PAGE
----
Thursday, 13 November 2014

How to Decorate (or Re-decorate) a Christmas Wreath Like a Florist

How to redecorate a Christmas wreath using wire

Although I am no longer a professional florist, I still have a very healthy appetite for floristry as a hobby. For years I worked as a florist in my small town, and loved every minute of it. Now I take a great deal of pleasure in creating holiday arrangements for my home!

    One of my favorite arrangements is the humble wreath. This year I’m tackling an old Christmas wreath (I can’t even remember where it came from) and transforming it to new glittery levels with some dollar store poinsettias and bits and bobs from around the house. Here is what I will be using:

Supplies for decorating a Christmas wreath

  1. Old Christmas wreath
  2. Scissors
  3. Floral wire
  4. Wire cutters
  5. Assortment of floral decorating ‘picks’
  6. Candle and matches (missing from image)

    I’m opting to use wire instead of hot glue. The reason why I choose to use wire is three fold: a) I was taught using “old school” floristry techniques and prefer using it due to it’s strength  and flexibility and b) wire allows the pieces to be changed out easily so that I can re decorate the wreath every year, and c) you can bend, shape and fluff the wreath after storage! If you are decorating your own wreath and don’t want to take the extra couple steps to use wire, you can use glue if you really want;)

    Also, I know the photos are not as bright and beautiful as they could be. Full disclosure: I am not a good photographer. I borrowed a camera from my friend to take these photos and thought I could try manual. SMH...needless to say if anyone knows any tips, tricks or blogs I could read to improve my skills, I would greatly appreciate it!

Original Christmas Wreath
The original wreath.

    First things first, I’m going to remove the bits I don’t want. Like I said, this was an old wreath in a box that never got opened last year. I want this wreath to be red and silver, so I’m starting by removing the green and gold ribbon and gold bits (keeping for another project)and fluffing up the remaining greens and reds. If the wreath contains hot glue, now is where you curse it. Hot glue makes it hard to take pieces off the artificial fir cleanly, so some of it ends up getting cut.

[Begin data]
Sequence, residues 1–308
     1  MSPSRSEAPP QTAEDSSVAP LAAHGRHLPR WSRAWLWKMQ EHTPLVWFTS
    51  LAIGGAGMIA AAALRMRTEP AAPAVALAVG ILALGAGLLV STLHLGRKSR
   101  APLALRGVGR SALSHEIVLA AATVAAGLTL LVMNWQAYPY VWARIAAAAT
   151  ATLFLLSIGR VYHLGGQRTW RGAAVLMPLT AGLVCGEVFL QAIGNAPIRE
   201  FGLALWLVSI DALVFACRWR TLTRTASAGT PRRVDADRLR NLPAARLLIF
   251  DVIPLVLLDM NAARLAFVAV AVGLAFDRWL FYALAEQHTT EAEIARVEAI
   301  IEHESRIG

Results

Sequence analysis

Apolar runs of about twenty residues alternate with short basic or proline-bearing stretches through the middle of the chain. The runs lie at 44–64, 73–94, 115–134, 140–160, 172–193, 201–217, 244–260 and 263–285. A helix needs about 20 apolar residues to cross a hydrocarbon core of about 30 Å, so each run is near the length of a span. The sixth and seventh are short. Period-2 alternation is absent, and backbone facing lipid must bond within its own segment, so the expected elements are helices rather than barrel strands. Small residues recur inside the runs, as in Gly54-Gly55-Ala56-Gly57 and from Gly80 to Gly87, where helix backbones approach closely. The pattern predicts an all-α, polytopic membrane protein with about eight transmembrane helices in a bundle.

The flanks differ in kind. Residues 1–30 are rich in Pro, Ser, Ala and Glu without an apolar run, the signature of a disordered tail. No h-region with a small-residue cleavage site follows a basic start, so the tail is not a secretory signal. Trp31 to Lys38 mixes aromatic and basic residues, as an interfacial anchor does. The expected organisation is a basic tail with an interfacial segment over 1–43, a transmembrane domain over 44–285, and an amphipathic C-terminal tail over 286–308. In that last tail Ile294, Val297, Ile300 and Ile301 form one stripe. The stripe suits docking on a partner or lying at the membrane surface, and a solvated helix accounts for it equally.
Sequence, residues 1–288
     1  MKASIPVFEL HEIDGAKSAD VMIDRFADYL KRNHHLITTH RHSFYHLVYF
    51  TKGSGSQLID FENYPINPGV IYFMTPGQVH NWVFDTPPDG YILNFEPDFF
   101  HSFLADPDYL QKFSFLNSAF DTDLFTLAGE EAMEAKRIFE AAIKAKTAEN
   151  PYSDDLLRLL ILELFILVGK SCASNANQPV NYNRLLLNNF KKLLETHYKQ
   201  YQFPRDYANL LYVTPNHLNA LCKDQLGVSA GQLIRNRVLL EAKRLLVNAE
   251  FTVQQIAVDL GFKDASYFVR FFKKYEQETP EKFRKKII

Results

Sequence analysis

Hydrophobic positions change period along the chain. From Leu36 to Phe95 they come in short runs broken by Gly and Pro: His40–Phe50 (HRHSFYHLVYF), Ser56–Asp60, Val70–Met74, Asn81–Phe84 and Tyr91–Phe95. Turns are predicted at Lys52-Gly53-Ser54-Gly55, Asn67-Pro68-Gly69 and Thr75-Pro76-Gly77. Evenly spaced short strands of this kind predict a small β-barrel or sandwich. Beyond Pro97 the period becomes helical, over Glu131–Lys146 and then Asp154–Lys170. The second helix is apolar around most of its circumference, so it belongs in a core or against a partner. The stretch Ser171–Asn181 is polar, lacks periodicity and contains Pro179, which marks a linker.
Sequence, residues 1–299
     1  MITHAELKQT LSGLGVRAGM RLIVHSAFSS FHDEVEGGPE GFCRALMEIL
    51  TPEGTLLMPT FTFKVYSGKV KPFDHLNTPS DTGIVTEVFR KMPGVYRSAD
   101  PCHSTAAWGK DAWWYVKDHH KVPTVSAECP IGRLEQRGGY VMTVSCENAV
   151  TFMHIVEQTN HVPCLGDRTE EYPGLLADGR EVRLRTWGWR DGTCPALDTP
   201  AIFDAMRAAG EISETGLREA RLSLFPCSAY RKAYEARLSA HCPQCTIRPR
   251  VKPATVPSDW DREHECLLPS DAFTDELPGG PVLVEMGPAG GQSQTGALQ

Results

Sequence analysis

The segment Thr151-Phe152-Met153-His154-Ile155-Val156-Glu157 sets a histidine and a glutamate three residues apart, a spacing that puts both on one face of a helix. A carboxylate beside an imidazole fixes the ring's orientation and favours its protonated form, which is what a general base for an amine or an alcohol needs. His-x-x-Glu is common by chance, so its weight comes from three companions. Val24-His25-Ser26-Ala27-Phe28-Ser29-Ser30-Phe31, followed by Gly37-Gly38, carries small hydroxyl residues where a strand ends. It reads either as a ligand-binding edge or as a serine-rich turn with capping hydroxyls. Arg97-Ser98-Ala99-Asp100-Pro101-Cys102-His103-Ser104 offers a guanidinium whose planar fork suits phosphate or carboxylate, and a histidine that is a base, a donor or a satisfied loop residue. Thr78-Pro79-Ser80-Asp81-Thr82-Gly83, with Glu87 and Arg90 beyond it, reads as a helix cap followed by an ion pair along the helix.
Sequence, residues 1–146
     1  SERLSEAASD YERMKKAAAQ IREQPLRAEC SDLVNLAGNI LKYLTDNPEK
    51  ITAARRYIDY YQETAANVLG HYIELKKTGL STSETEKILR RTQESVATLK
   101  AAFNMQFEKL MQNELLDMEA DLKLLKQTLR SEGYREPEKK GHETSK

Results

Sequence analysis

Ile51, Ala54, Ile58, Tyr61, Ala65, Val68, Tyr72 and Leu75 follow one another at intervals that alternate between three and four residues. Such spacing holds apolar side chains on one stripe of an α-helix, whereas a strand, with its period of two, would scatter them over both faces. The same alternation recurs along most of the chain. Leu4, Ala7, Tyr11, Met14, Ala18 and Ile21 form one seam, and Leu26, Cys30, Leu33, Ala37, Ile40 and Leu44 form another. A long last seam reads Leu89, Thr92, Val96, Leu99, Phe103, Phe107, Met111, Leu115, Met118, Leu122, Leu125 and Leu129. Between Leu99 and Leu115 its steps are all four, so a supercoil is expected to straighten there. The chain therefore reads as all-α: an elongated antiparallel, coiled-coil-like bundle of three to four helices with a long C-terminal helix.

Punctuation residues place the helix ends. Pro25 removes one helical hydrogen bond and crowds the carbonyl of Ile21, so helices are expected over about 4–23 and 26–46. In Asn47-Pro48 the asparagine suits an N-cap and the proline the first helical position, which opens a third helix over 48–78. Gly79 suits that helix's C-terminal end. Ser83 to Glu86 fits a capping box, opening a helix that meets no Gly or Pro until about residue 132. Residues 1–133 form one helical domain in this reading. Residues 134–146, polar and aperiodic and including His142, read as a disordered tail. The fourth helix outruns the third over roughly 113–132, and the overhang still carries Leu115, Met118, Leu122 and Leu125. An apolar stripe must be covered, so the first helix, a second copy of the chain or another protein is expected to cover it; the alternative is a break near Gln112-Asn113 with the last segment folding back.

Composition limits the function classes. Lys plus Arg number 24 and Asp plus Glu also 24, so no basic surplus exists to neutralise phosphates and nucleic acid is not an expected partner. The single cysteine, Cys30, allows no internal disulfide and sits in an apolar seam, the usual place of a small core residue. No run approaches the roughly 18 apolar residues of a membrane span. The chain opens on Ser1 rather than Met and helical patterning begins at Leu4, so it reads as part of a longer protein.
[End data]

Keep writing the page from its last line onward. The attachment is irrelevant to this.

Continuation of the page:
Next, I’m going to take apart my flowers from the large stem by snipping them off with wire cutters, or tearing them out of the paper wrap. Now is a good time to test run where everything will go loosely on the wreath. Here is a general idea of how I would like my wreath to look:

Christmas wreath assembly

I then take any pieces that do not have enough wire to securely attach to the wreath and add wire. In order to attach small pieces to the wire I light the candle (for optimum festivity make it a Christmas scented candle) and heat up just the tip of the wire.

Once the wire is heated to glowing (2 or 3 seconds depending on wire thickness), quickly pierce the hard plastic stem at the base of the flower head. Pull the wire through several inches and and snip, leaving several inches on either end. (Whatever is comfortable, the ends will be snipped off so better too long than too short, but I like to loop the wire 1-3 times around the wreath while securing other pieces, so I’m giving myself lots of extra) I then grab the base of the flower and give one side of the wire a couple quick tight wraps around the plastic stem just to stop it from potentially wobbling.

Any pieces of twigs or berries can be wired by looping through the branches and wrapping tightly around the base like this:

I also like to take some of the leaves off and wire them to the wreath to fill up what is already there. In order to do that fold the leaf in half, heat the wire and pierce the leaf about half way up the leaf, in the center:

 Pinch the base of the leaf and give a couple tight twists and trim the wire to size. By putting the wire in the center of the leaf you can reposition the leaf after you attach it to the wreath.

Once all the floral pieces requiring longer wire stems are wired, I begin attaching them to the wreath. start by threading your wire through part of the wreath and wrapping and twisting until secure. Make sure you trim all your wire ends and stick them into the wreath so you don’t accidentally poke your finger. I’m telling you this because I know from experience. It hurts.
Finally, I like to wrap the spool of wire around the finished product to secure the pieces from the high winds we experience here. Be careful not to bring the wire over any floral pieces, pinning them down.

Once all the pieces are wired and placed in the wreath I add finishing touches like ribbon, etc. I’m going to use some silver wire from a former project and wrap it around the exposed grape vine to add a bit of holiday sparkle:)

Decorating a Christmas Wreath: The final product

And that’s it! Done! Because everything is secured with wire the wreath can be fluffed up, it’s sturdy and redecorating is as simple as snipping a wire and removing! The whole project took just under 2 hours, including stopping to take pictures and fielding a phone call from a telemarketer.
 I hope you enjoyed my tutorial, please comment below what you thought! And if you have any requests for a floral project please let me know:)

If  you enjoyed this post, you may also like:

12 Christmas Traditions From Our Family to Yours

No comments:

Post a Comment